Allergic Contact Dermatitis Caused by White Petrolatum on Damaged Skin

Christine C. Tam; Dirk M. Elston


Dermatitis. 2006;17(4):201-203. 

In This Article


Petrolatum (CnH2n+2) is a mixture of semisolid hydrocarbons. There are four main types of petrolatum: natural, artificial, gatsch, and synthetic. Natural petrolatum is obtained from the purification of petroleum to remove odors and modify the color. White and yellow petrolatums are both natural petrolatums. The purification process is extended further in white petrolatum than in yellow petrolatum, so that practically all of the former's yellow color is removed. Artificial petrolatum is a mixture of natural hydrocarbon waxes and refined paraffin oils. Gatsch petrolatum is derived from mixing the by-products of petroleum distillates with paraffin oil. Finally, synthetic petrolatum is made from synthetic hydrocarbons obtained by carbon monoxide hydrogenation.[1,2,10]

The allergens present in petrolatum have been found to most likely be polycyclic aromatic hydrocarbons. These are impurities whose quantities vary depending on the source of the petroleum and the purification procedures performed.[11] Thus, there is often marked variation in allergenicity between brands of petrolatum produced by different manufacturers. Because of the extension of its purification process, white petrolatum contains fewer sensitizing contaminants than yellow petrolatum contains.[12] White petrolatum has become the primary petrolatum used today.[9]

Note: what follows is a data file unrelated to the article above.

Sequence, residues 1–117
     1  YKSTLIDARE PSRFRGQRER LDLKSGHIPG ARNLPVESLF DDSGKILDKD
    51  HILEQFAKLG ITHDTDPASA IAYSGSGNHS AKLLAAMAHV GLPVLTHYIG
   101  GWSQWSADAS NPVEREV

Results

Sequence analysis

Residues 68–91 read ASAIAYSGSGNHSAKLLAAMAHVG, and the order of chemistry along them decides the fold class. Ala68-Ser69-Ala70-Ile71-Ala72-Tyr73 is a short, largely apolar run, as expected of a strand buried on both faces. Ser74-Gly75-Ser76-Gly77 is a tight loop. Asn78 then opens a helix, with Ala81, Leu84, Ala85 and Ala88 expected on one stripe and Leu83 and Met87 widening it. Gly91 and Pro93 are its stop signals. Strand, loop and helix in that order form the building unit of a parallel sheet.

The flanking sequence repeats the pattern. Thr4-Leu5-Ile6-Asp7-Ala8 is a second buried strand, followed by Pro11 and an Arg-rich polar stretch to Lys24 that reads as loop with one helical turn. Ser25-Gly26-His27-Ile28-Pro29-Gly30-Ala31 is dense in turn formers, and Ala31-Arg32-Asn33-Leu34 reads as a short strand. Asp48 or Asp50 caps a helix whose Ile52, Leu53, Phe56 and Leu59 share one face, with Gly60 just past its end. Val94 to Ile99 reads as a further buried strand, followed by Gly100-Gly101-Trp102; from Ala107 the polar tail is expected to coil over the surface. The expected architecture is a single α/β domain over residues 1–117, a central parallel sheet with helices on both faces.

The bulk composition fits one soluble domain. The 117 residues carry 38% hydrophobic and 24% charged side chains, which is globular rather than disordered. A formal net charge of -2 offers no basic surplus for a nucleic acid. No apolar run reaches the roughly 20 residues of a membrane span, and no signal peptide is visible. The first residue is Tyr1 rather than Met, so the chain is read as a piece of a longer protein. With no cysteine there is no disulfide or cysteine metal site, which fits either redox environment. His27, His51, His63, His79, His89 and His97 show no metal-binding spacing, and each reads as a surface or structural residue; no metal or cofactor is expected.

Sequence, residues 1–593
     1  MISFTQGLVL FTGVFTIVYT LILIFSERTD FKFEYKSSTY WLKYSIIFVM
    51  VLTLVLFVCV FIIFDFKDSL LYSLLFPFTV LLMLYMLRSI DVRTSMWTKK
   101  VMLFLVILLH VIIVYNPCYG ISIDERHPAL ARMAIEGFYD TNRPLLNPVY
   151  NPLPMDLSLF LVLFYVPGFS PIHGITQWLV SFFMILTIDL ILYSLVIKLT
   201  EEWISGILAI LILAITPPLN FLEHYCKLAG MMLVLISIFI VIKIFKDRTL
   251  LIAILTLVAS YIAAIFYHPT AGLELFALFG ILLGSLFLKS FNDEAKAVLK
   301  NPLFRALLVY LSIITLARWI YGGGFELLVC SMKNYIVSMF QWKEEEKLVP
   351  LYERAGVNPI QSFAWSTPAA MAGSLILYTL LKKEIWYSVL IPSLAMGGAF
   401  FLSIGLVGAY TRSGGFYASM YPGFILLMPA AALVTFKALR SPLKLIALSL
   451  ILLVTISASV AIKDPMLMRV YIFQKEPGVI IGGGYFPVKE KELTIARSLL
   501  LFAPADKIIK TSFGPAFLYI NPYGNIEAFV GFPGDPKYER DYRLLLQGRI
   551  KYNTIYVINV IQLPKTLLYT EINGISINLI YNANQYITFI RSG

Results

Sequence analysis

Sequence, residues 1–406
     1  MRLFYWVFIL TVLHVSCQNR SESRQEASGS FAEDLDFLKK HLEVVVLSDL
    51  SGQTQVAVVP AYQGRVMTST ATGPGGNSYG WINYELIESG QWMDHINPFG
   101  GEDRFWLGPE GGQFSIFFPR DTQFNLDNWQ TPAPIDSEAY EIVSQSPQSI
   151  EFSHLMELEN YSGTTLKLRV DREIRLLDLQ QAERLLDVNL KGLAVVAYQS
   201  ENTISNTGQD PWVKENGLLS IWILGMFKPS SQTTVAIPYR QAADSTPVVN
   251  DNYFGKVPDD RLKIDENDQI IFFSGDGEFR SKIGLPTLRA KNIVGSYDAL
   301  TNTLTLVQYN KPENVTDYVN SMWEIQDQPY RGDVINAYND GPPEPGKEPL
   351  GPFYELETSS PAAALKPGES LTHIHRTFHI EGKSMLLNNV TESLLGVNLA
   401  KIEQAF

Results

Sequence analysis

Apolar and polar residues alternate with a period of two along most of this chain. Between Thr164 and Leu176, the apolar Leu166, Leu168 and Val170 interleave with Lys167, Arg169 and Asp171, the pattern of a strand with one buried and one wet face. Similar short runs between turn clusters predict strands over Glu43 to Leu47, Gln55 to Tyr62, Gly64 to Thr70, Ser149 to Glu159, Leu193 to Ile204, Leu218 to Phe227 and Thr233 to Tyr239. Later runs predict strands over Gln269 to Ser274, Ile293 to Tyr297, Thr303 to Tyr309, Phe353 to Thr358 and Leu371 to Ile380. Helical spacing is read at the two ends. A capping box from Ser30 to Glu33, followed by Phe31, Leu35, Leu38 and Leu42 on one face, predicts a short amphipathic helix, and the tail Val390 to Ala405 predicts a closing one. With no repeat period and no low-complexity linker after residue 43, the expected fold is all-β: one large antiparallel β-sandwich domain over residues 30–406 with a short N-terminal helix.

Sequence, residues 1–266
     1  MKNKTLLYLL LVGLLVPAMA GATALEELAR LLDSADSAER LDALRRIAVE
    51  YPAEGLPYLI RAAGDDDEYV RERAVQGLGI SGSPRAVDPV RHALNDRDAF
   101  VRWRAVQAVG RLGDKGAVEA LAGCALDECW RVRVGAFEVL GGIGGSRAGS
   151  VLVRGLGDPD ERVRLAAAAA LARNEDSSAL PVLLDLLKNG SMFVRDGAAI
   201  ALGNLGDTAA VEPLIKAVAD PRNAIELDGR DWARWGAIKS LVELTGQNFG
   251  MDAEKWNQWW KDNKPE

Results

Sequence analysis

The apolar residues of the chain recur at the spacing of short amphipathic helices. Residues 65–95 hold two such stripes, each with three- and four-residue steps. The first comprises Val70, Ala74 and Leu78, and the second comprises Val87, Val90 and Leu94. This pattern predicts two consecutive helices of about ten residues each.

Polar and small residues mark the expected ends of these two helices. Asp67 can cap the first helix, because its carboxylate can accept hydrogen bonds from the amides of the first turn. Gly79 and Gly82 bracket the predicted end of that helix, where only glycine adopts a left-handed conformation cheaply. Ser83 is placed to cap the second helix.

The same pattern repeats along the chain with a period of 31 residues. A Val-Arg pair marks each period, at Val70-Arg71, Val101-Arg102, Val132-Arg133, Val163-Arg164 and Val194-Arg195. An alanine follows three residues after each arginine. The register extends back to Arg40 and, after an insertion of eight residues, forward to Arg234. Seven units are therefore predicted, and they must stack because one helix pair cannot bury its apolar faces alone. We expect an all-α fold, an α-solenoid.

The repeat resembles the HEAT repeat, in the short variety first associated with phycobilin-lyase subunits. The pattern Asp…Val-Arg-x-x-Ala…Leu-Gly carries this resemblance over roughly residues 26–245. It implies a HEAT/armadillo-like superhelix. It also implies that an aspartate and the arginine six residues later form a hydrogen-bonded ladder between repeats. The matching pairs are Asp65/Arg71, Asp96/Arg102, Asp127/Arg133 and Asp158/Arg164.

Past reports of sensitivity reactions to petrolatum include a case of immediate and long-lasting urticaria and dermatitis due to petrolatum,[3] a case of chronic dermatitis and hyperpigmentation caused by yellow and white petrolatum,[4] and several cases of allergic contact dermatitis caused by yellow and white petrolatum.[1,2,5,6,7,8,9] On general patch testing, patients in these cases reacted to many allergens that were dispersed in the petrolatum. Petrolatum allergies were then confirmed by specific patch tests.[1,2,5,6,7,8,9] In one case report, the patient reacted to one batch but not to another batch of the same brand of petrolatum; the authors concluded that the amount of sensitizing contaminants not only varies between brands but may also vary between different batches of the same brand of petrolatum.[9]

In one particular study involving three patients with leg ulcers, Dooms-Goossens and Degreef discovered that the patients reacted to petrolatums on their leg ulcers despite having negative patch-test reactions to the same petrolatums on intact skin. The authors concluded that even if a petrolatum does not elicit a reaction on healthy skin, it may cause an eczematous reaction on damaged skin.[12]

Like the leg ulcer patients in the aforementioned study, our patient had a positive reaction to petrolatum only on damaged skin. He had negative patch-test results for the whole battery of allergens applied to healthy back skin, including the many allergens dispersed in white petrolatum. Only patch testing with white petrolatum on scratched skin yielded a positive delayed hypersensitivity reaction.


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